Andrew Taylor stood from his seat, tears in his eyes and heart pounding in his chest as the final moments of the 2017 Tim Hortons Brier unfolded Sunday night in St. John's.
Mark Nichols leapt up to join his teammates in sweeping hard as Brad Gushue screamed at the rock he'd just thrown.
Together, Team Gushue willed the rock past a Team Canada stone and into history, winning their first Brier and the first for Newfoundland and Labrador since 1976.
A lifelong curling fan, Taylor burst into tears and celebrated with his friends and family.
"This is really big for curling in the province. This will definitely grow the sport," he told CBC News after the win.
"It's just the greatest day ever."
From the ice to the patch — a huge party
Nary a soul left their seats at Mile One until the on-ice celebrations died down. More than 2,000 people then flocked across the street to the Brier Patch, the bar venue hosted at the St. John's Convention Centre across the road.
For many fans, the win was about pride in their hometown guys and in their province.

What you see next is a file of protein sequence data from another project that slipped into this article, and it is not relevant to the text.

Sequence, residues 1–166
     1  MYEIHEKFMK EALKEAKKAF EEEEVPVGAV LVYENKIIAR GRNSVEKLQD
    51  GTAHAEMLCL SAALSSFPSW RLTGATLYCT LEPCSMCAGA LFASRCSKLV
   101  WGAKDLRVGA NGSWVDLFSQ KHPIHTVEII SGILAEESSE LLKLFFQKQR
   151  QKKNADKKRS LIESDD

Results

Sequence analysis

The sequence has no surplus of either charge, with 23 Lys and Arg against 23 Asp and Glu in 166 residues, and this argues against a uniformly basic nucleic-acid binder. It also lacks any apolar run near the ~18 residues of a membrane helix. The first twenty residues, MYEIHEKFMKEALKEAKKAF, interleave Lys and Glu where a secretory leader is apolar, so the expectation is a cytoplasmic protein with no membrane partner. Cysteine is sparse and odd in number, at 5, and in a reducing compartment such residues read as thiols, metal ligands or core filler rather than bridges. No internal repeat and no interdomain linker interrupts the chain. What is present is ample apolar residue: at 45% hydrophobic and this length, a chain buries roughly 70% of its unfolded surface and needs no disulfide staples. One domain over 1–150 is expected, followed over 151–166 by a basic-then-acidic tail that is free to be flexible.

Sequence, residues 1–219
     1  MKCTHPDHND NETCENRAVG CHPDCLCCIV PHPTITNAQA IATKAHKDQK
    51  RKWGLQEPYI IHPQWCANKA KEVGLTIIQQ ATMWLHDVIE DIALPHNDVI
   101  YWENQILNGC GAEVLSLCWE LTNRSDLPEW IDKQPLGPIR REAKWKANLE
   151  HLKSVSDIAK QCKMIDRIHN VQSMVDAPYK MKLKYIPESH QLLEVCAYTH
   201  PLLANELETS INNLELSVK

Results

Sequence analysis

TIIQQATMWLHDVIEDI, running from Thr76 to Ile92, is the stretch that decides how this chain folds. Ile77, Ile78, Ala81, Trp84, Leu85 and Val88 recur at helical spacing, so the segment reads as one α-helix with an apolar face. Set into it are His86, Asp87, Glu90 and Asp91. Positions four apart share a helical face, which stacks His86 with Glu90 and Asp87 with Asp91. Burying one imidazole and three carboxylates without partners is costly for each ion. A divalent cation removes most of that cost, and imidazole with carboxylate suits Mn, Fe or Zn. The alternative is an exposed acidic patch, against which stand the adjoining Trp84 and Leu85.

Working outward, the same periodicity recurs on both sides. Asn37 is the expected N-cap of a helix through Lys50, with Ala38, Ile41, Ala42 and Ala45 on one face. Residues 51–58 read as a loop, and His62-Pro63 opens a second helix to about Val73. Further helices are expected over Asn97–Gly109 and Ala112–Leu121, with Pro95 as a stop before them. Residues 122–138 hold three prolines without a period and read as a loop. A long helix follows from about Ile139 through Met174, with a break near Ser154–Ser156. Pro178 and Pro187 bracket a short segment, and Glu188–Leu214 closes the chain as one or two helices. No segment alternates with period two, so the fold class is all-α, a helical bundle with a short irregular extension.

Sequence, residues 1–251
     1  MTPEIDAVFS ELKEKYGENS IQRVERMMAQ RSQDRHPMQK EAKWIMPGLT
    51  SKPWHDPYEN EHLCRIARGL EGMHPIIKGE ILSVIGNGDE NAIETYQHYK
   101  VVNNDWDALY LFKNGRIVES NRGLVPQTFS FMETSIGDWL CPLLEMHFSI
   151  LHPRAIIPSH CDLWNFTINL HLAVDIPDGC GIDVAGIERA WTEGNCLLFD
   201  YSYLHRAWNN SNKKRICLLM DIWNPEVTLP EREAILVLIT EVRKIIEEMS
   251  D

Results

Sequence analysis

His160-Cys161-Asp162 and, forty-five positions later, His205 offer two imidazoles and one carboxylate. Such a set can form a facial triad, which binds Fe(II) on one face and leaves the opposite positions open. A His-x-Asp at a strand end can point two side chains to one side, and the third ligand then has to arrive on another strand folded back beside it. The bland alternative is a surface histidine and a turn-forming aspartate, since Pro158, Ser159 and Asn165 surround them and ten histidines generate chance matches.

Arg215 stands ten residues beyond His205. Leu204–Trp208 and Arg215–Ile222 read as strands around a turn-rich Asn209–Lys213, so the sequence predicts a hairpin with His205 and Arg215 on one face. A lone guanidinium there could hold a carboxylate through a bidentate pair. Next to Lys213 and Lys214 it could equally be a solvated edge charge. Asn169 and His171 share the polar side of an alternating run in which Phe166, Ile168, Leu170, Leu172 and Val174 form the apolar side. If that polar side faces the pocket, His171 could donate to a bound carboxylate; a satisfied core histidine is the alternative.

"I cried," said a laughing Rebecca Roberts.
"I think I kind of blacked out for a minute. Everyone was screaming and I just really wanted them to win."
Andrew Tobin, who has been following Gushue's career since he was a junior, was thrilled to see him celebrate the win alongside longtime teammate Nichols.
"They've got the gold medal, they've got the Brier," said Tobin. "They're the best curlers in the world."
Long time coming for duo
Just as the final rock reached its target, Gushue launched his broom into the air and began screaming with happiness.
After running to greet his family at the side of the rink, Gushue shared an embrace with Nichols.
"Myself and Mark, we've been so close so often," he said. "It was pretty emotional hugging him after."
The duo began playing together in 1999, winning a World Junior Curling Championship in 2001. They shared the Olympic gold in Italy together in 2006 and reached their first Brier final in 2007.
In 2011, however, Nichols took a brief hiatus from curling before returning the next season to play with Manitoba's Jeff Stoughton.
Three years after parting ways, Nichols and Gushue reunited in 2014 to pursue their first Brier championship – a task they finally accomplished together on Sunday night.
It's hard to compare the Olympics and the Brier, Gushue said, but a decade's worth of perspective has allowed him to enjoy this win a little more.
"With the ups and downs we've had over the last 11 years, it certainly means a lot more to me now," he said.
"When I was 25, I thought I was going to win a bunch of these … To finally win one, it's pretty amazing."